Gustavus Adolphus College
The Minnesota State Patrol is investigating a deadly crash in St. Peter, Minn., about a mile away from Gustavus Adolphus College. The fatal crash happened at noon at County Road 20 and Highway 22, on the Highway 169 detour.
Gustavus Adolphus College has named its next president, and for the first time in the school’s 152-year history, that president is a woman. Rebecca Bergman will be Gustavus’ 17th president when she takes over on July 1.
I laughed at the use of “possibly” and “try.” “My goal is to possibly try to get hired at a studio or a video production house,” Carolyn Draayer said. It was a preposterous statement, as the Gustavus junior’s knack for video production should inevitably have studios hustling to try and get her on board.
A stinky plant known as a corpse flower is getting ready to bloom at Gustavus Adolphus College in St. Peter. The plant — nicknamed “Perry” — is showing signs that it will soon bloom for the third time in the last six years.
For many people, it’s one of life’s turning points: Graduating from college. But a young man from Maple Grove is wrapping up a “college experience” that few have ever known.
A Democratic state representative reelected last month to his St. Peter-area seat is resigning for a new job.
Men across the Gustavus Adolphus College campus sported mustaches throughout the month of November, hoping to raise men’s health awareness over the past 30 days, and if you ask assistant athletic director Jared Phillips, he’ll say the fuzzy inaugural Movember event shows potential for even more … growth.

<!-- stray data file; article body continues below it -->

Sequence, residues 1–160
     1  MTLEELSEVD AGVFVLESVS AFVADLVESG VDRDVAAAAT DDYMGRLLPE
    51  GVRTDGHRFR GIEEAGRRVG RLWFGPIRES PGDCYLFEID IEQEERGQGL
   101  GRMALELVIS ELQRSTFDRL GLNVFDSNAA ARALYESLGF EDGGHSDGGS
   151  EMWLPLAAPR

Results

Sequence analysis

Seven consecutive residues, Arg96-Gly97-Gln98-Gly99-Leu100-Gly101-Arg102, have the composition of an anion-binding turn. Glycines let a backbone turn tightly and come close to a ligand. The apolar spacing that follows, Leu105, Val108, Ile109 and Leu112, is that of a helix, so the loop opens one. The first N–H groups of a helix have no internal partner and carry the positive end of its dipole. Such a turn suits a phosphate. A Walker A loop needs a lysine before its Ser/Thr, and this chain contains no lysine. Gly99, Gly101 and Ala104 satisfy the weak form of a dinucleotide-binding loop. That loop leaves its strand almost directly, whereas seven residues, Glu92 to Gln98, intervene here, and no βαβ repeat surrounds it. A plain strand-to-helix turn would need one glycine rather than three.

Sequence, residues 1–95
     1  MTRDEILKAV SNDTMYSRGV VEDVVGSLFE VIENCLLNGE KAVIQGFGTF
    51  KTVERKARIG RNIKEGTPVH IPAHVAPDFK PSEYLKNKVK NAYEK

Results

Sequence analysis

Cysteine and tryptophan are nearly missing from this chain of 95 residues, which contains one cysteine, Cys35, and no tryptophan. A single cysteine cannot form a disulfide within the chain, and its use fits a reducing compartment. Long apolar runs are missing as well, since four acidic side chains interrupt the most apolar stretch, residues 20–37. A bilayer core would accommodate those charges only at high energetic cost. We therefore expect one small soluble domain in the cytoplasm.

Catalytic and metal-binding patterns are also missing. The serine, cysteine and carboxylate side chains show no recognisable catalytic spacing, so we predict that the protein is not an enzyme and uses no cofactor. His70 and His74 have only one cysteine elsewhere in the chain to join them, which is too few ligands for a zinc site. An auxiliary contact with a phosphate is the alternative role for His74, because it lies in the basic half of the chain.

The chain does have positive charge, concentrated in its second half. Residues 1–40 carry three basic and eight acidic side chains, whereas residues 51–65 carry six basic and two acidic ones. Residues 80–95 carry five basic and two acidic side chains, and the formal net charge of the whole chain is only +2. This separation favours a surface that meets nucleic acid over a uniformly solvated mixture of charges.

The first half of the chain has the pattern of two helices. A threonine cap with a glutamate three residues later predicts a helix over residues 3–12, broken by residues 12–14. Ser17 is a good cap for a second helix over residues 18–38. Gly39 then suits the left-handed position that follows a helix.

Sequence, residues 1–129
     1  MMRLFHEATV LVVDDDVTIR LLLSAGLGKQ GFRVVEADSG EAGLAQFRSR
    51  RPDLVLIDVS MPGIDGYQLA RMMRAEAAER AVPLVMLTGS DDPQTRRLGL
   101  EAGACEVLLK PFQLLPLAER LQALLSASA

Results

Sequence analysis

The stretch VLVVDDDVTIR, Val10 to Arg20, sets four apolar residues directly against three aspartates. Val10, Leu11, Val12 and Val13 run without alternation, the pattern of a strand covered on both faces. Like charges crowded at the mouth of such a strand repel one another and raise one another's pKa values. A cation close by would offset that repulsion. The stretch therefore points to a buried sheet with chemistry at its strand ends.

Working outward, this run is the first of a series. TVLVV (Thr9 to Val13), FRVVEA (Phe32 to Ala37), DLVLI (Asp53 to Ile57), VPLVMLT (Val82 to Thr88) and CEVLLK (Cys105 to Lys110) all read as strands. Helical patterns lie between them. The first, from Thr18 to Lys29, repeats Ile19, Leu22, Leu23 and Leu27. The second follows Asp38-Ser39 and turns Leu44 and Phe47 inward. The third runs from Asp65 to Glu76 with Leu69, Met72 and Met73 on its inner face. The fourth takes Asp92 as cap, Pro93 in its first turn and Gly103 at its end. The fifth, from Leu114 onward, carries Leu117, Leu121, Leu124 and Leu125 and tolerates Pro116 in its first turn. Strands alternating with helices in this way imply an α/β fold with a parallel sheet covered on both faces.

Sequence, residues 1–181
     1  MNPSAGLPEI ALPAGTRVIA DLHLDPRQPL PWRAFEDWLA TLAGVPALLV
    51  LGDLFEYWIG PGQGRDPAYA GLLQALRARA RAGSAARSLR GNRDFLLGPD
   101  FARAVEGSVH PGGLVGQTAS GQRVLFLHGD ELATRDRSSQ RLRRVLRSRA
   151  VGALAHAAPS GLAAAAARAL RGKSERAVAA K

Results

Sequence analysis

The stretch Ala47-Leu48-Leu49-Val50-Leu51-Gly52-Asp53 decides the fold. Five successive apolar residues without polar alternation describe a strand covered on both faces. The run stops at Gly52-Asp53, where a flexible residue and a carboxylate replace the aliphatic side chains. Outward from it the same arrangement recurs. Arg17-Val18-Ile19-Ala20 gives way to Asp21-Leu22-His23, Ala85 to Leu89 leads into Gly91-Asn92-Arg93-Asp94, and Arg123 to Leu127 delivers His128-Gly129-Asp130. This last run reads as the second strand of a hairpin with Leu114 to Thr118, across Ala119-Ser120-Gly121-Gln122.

No, it’s not a mustache-only gang (although that’d be a sweet clique to be in). And it’s not Burt Reynolds look-alike month. Well, at least not intentionally.
A Gustavus senior won a silver medal at the Paralympic Games in London on Monday.
Gov. Mark Dayton has picked a poet who teaches creative writing as Minnesota’s chief promoter of poetry.
The University of Minnesota and Gustavus Adolphus College are bringing home their students studying in Japan, in part because of fears of radiation from Japan’s crippled nuclear reactors.
Officials at Gustavus Adolphus College are investigating two assaults, which are unprecedented in college’s history, that were reported over the weekend.